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I note that today is the anniversary of the Battle of Bosworth Field and the demise of Richard III.

No doubt you are saying to yourself, “Self, what gift can I give our Maximum Leader by way of consolation, especially given his status as a main pillar of the Richard III Reputation Restoration (RIII³) movement?”

Well, how about one of these:

I’m sure Maxy would appreciate the thought.

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Surely it is the Prime Directive of any parent to ensure that their children are given the best possible education, are exposed to the best culchah and are all-around solidly grounded in their outlook on the world?

I think so.  I think so.

So imagine my consternation, nay shock, at my own near-failure to adhere to this directive upon my discovery last evening that none of the gels had ever seen an episode of Fawlty Towers and had, at best, only teh vague idea that it was an old teevee show with John Cleese in it.  Horribile dictu!  

Apart from the fact that the series is one of the best ever produced for tee vee and is still astoundingly hylarious 40-odd years later, the fact of the matter is that I have incorporated so many words, phrases and references from it into my own day-to-day lexicon, it’s a wonder that without this exposure the gels have the slightest idea what I’m talking about half the time.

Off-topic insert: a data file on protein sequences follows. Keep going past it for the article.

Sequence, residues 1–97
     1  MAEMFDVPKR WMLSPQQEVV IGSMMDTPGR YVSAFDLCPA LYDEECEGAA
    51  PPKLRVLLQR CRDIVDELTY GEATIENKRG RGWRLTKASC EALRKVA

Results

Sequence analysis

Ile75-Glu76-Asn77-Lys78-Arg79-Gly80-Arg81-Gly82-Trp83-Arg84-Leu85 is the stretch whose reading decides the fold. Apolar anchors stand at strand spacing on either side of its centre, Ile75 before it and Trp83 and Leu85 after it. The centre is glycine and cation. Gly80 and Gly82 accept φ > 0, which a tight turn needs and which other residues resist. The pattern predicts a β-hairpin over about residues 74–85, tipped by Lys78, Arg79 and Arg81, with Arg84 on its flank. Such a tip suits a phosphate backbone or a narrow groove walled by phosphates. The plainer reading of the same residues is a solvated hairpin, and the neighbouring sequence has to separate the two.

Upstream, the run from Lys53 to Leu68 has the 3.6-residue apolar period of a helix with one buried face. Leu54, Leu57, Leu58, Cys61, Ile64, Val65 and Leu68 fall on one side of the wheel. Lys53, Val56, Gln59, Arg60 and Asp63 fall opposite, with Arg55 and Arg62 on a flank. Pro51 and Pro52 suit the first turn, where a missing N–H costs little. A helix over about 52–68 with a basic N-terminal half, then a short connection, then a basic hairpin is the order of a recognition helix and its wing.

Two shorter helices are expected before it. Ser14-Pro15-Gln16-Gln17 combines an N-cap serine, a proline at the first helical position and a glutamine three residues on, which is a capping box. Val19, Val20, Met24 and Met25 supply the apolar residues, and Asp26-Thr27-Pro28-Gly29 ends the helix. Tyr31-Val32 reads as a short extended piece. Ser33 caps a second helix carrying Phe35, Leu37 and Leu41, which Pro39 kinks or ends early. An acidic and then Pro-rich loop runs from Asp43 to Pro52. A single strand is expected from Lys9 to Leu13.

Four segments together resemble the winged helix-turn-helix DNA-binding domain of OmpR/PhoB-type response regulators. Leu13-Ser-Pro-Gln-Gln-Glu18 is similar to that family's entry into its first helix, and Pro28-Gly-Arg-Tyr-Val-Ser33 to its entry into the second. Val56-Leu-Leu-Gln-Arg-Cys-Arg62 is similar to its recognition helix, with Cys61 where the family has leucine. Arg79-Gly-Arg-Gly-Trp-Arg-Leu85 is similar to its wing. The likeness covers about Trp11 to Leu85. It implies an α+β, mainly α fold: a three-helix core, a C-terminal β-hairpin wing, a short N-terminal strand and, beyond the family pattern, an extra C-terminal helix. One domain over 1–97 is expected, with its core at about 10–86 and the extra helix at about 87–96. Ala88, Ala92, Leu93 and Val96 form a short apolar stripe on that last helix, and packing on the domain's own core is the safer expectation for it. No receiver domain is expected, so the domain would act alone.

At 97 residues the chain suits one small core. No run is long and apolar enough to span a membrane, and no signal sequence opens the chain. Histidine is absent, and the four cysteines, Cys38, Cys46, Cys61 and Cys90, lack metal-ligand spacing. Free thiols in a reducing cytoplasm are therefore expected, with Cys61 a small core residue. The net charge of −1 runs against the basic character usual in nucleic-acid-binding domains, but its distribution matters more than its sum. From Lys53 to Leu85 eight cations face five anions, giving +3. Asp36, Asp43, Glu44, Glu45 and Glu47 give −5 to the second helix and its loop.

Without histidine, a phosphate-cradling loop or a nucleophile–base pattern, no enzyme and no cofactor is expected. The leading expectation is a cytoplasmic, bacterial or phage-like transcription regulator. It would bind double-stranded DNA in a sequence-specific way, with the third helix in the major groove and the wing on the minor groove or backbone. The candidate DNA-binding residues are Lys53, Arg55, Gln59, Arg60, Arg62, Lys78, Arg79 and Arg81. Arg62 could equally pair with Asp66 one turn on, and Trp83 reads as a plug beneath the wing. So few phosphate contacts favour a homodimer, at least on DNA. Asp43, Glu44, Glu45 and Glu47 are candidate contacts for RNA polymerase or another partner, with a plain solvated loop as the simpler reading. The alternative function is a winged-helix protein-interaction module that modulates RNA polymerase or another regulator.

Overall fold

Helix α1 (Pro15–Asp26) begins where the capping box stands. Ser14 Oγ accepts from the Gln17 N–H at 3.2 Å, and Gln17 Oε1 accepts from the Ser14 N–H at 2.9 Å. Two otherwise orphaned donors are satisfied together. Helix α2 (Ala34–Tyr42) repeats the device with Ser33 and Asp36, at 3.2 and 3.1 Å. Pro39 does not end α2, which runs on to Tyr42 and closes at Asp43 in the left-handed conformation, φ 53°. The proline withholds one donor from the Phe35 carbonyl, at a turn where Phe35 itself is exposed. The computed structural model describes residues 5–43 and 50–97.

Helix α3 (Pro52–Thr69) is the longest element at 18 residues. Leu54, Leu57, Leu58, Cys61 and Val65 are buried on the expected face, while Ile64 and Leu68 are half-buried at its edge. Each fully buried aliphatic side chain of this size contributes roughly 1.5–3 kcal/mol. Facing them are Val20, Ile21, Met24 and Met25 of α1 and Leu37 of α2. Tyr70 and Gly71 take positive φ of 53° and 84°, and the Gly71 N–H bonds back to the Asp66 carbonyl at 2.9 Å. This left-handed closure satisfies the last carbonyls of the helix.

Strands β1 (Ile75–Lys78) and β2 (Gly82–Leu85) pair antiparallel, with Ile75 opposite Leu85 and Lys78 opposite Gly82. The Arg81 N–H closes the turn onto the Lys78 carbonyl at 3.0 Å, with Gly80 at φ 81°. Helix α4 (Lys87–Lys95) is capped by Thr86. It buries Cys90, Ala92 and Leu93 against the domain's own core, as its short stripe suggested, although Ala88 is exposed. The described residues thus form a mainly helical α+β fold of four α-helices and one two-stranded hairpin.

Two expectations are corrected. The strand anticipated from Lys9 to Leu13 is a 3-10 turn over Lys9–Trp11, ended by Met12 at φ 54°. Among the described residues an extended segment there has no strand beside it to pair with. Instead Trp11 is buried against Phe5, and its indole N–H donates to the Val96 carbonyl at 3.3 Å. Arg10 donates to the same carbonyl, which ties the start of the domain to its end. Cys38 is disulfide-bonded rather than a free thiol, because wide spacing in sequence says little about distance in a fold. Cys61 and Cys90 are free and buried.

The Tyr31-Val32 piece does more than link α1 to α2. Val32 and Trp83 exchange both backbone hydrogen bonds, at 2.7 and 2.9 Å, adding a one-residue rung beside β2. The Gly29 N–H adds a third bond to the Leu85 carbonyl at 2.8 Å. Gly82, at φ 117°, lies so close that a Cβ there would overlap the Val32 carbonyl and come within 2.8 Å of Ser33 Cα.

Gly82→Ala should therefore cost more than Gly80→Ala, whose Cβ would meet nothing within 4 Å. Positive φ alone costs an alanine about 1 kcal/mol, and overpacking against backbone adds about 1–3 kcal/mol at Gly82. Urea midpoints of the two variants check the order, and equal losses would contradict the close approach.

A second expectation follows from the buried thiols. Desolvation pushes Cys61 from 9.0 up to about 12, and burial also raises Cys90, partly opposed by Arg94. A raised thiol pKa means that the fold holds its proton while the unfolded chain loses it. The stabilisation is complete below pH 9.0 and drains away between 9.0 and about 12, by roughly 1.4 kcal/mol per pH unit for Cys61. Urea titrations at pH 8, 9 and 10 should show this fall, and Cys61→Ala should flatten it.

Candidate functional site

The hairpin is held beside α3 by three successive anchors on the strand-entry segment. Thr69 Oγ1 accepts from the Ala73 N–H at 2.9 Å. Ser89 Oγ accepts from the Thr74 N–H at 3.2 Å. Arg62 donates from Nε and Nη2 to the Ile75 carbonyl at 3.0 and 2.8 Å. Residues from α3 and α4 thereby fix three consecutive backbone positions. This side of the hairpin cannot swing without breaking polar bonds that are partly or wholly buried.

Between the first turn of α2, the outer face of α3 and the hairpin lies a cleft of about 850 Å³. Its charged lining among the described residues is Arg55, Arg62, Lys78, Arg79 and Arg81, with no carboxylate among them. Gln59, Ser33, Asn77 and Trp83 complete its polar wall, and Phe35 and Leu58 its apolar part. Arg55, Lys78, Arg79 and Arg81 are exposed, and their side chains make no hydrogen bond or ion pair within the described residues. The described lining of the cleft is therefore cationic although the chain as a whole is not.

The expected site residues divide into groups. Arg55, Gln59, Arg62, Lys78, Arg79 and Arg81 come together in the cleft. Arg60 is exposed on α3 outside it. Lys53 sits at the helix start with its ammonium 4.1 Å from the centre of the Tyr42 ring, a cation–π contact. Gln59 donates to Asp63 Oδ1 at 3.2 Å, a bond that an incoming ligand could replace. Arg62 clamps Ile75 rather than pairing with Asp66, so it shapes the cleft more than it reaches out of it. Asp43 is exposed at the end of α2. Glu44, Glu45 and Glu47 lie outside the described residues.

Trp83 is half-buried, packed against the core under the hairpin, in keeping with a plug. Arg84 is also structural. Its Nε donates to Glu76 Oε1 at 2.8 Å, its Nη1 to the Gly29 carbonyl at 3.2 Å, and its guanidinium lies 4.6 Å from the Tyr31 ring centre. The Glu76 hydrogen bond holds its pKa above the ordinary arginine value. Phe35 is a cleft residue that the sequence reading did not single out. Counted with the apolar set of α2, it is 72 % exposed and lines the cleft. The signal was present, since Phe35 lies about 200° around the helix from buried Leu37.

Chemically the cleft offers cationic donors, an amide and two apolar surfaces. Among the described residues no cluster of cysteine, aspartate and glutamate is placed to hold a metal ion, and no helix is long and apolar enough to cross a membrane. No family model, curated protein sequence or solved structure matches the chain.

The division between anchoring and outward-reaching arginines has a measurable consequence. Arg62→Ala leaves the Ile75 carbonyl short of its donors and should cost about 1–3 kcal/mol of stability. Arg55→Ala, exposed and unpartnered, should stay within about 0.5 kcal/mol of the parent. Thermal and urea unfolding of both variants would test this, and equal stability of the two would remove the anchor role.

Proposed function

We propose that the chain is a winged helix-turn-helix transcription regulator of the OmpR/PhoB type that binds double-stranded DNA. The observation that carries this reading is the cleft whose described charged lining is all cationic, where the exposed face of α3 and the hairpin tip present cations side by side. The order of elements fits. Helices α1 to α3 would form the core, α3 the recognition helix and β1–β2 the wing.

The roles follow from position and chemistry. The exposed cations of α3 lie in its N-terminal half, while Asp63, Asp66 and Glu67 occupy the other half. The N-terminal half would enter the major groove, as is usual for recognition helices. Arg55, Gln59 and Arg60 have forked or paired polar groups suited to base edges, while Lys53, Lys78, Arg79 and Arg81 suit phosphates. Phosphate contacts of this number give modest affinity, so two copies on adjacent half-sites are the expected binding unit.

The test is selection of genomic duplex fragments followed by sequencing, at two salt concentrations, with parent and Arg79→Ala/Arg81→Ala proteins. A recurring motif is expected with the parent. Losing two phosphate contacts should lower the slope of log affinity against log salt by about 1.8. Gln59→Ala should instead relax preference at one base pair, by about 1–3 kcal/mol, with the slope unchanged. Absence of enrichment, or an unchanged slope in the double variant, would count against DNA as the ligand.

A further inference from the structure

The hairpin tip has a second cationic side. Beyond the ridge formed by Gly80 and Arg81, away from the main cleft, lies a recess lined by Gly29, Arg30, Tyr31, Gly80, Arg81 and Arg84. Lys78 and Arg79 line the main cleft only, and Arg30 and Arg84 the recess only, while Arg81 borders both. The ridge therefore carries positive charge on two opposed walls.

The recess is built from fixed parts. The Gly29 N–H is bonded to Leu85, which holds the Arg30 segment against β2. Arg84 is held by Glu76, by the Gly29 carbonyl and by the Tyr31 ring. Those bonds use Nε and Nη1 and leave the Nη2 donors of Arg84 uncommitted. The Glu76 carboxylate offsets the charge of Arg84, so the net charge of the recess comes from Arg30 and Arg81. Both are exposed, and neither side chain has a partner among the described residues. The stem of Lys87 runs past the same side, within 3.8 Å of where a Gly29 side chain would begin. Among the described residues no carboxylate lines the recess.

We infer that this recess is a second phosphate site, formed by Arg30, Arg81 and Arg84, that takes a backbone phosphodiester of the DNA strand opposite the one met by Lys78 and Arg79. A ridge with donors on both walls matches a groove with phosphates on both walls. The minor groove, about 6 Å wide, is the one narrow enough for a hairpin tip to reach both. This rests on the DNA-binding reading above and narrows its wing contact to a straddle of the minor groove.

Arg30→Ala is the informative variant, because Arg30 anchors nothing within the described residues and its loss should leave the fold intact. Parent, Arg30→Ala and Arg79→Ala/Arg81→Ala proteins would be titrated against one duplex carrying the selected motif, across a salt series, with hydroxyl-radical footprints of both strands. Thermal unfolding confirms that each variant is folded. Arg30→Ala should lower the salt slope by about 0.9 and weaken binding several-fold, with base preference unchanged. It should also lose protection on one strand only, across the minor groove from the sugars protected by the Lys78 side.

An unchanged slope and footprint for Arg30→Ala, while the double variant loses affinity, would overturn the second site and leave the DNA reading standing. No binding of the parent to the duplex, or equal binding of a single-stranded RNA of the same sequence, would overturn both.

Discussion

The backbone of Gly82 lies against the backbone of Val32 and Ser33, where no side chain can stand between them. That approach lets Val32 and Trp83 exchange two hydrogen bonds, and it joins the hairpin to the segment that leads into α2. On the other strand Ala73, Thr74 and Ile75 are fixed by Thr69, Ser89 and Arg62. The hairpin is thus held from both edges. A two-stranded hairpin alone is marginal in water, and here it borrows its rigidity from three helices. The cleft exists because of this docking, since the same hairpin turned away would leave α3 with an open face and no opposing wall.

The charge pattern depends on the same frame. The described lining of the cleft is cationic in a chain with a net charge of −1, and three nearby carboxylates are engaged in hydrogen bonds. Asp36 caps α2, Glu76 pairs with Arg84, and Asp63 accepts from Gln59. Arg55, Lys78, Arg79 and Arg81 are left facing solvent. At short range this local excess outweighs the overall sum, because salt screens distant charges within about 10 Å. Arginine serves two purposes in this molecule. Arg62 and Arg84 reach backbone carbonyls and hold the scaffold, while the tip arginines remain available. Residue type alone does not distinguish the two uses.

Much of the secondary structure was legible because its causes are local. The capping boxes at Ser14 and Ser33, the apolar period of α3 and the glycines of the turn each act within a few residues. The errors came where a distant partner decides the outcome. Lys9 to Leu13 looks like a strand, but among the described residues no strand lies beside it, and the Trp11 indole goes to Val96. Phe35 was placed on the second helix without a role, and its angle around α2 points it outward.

It’s not that we don’t own Flowery Tarts at Port Swiller Manor.  It’s just that we only have it on videotape (remember that?) and despite the fact that our old tape player conked some years back, we’ve never got round to upgrading to DVD.  Someone had blundered, indeed.

Fortunately, this story has a happy ending.  Upon discovering my lapse, I immediately swept off to the Devil’s Website, there to purchase the de-luxe DVD set, complete with digital remastering, commentary, interviews and outtakes.  (Have I mentioned that when Robbo becomes Emperor of the World, an outtakes feature will be mandatory for all DVDs?)

So we are now (or soon will be) set to go.  And in celebration of the averting of this educational disaster, here’s one of my favorite clips, from which Robbo frequently draws inspiration when dealing with the gels:

 

Greetings, my fellow port swillers!

For those of you keeping score at home, I would note that today is the sesquicentennial of the birth of French composer Claude Debussy, born this day in 1862.  The local classickal station is, as you might imagine, going bananas with afternoons of fauns and seas and moonlight and whatnot.

Ol’ Robbo is not fond of Debussy’s musick.  Indeed, I’d go so far as to say, as I used to as a small lad, “no yikee”.  In part, I don’t like the way he messed about with traditional tone and harmonics in pursuit of mood and coloring in and of itself, in part I don’t like the fact that he opened the floodgates for modern composers to chuck such structures altogether.  (I’ve long argued that musick, more than any other art form, is self-referential.  If you don’t have a firmly understood structure on which to base your musickal ideas, then they’re really just so much noise.)

Mansoor Debussy provoked something of a conflict between Robbo and his piano teacher during his (Robbo’s) misspent yoot.    Mr. Sags (the teacher) was a firm Romantick himself and didn’t much appreciate Robbo’s constant desire to study Baroque and Classickal pieces.  Finally, he insisted that if we were going to do a Bach e minor toccata, then dammit, we were going to do some Debussy, too.

Grudgingly, I gritted my teeth, gave in an agreed to play this one, Debussy’s La Serenade Interrompue:

It was only palatable to me because of its obvious Spanish flair.  Otherwise, it gave me the guts-ache.

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